To the Editor:
I so appreciated Ann St. Clair’s reflection, “Signs of the Times,” published last Friday. She is right that the rhetoric around and treatment of immigrants has driven many to consider our own family narratives, as well as our approach to others in our communities. We are a nation of immigrants, and as the Jewish tradition teaches, that means we know the experience of the stranger. Our otherness is imbedded in our DNA.
From time to time, congregants tell me about having participated in 23andme.com, a service that gives participants a snapshot of their ancestry. I have not yet done it myself, but I will admit curiosity. I always enjoy hearing not only what congregants discover when they participate in this program, but why they chose to do it in the first place. Often, they are searching for confirmation of nagging suspicions and family lore. No matter what the test tells, I have come to understand 23andme.com as a tool for meaning making. The service not only illuminates our ancestry, but through it we connect back to our ancestors, which for many carries personal, spiritual significance. The times we are living in are calling to us, inviting us to remember our roots, and to find compassion in the kinship of shared immigrant narratives.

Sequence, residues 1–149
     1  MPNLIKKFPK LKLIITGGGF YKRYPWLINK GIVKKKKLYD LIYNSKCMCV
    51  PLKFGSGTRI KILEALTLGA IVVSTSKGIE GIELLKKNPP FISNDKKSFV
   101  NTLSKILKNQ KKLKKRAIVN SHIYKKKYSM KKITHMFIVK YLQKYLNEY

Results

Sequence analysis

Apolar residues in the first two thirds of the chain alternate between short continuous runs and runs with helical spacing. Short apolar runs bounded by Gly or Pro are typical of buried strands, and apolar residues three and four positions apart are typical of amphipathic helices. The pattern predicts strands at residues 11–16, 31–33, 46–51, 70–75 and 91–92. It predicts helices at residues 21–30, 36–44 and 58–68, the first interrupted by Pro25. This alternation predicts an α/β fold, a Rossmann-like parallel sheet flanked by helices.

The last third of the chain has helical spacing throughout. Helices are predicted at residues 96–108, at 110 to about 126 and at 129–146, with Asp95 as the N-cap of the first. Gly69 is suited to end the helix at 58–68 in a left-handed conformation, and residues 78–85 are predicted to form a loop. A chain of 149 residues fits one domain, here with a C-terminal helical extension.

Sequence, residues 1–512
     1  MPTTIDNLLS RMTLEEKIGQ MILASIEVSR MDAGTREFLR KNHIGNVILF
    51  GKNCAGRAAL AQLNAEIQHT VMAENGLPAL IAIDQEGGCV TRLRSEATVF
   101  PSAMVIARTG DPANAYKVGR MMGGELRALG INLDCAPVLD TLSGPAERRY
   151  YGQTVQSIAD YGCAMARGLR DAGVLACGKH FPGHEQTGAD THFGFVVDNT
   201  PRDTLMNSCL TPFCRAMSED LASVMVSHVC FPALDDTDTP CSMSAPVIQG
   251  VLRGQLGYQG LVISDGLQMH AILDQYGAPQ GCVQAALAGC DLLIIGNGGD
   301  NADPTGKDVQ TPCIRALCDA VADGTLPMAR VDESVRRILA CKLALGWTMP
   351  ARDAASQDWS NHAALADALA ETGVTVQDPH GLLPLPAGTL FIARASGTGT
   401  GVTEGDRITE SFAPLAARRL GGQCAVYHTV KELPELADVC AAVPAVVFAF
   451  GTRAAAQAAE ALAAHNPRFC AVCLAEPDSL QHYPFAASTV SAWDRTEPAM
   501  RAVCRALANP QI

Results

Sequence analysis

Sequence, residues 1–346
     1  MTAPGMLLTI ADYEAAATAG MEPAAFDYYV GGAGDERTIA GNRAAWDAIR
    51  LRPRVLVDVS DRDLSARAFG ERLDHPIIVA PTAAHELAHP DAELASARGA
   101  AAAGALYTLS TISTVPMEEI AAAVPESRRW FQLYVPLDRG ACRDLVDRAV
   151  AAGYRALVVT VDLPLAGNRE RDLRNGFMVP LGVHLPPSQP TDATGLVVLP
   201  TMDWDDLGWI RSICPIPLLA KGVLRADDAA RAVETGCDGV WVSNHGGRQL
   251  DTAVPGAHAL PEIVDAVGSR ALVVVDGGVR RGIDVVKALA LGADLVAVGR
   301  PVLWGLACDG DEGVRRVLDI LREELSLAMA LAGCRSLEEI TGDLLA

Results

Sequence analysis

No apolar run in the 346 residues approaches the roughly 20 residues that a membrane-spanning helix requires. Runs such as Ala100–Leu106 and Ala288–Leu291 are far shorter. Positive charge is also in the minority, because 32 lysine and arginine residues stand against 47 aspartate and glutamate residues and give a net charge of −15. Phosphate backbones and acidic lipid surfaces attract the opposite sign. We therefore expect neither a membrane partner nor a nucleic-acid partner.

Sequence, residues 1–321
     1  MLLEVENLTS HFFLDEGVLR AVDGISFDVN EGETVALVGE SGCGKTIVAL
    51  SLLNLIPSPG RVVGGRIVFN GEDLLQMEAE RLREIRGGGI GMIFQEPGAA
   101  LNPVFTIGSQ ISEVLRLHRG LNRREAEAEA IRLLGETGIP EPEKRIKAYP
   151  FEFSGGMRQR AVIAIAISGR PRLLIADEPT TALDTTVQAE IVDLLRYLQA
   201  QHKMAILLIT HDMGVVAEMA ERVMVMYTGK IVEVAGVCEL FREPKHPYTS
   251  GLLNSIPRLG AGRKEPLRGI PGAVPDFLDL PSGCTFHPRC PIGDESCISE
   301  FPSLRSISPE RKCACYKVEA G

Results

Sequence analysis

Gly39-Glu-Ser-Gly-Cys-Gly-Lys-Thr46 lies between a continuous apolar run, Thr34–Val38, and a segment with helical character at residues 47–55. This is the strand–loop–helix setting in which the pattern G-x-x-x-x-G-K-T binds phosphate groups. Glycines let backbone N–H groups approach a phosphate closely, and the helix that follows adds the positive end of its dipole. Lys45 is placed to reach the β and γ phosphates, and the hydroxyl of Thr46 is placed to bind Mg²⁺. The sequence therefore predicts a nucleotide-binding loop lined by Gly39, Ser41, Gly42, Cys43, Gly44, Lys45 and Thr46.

St. Clair also reported that when the sign went up at Trinity Church, the Reverend Tuck received questions about it and no negative comments to date. How great is that? In the Jewish community, we too have created a banner. It now hangs in all of the synagogues in Berkshire County, and was sponsored by all of the Jewish institutions in our community. I am proud that we came together, to voice our support of the refugee and the immigrant. On our banner, we chose to say that we welcome all, channeling the prophet Isaiah’s teaching, “For My House shall be called a house of prayer for all peoples” (56:7). The response, too, in my own congregation, has been only positive. I have received some questions about our banner, as well, and those asking are coming from a place of genuine curiosity.
St. Clair wrote, “Trinity Church, Lenox is contributing visually to what we are thinking about and wrestling with. Its signs are becoming part of the conversation, and like our individual family histories, it will become part of the on-going story.” I completely agree. In the Talmud there is a debate about which is greater — study or action? As the ancient rabbis debate the finer points, the winning voice says that study is greater, because it always leads to action. As our communities take part in the conversation around immigration, as we study our own family origin stories, and as we see how the national conversation unfolds, all of this begs a greater question: What is the next action that we should be taking to support the most vulnerable among us?
Rabbi Neil Hirsch
Hevreh of Southern Berkshire
Great Barrington, Massachusetts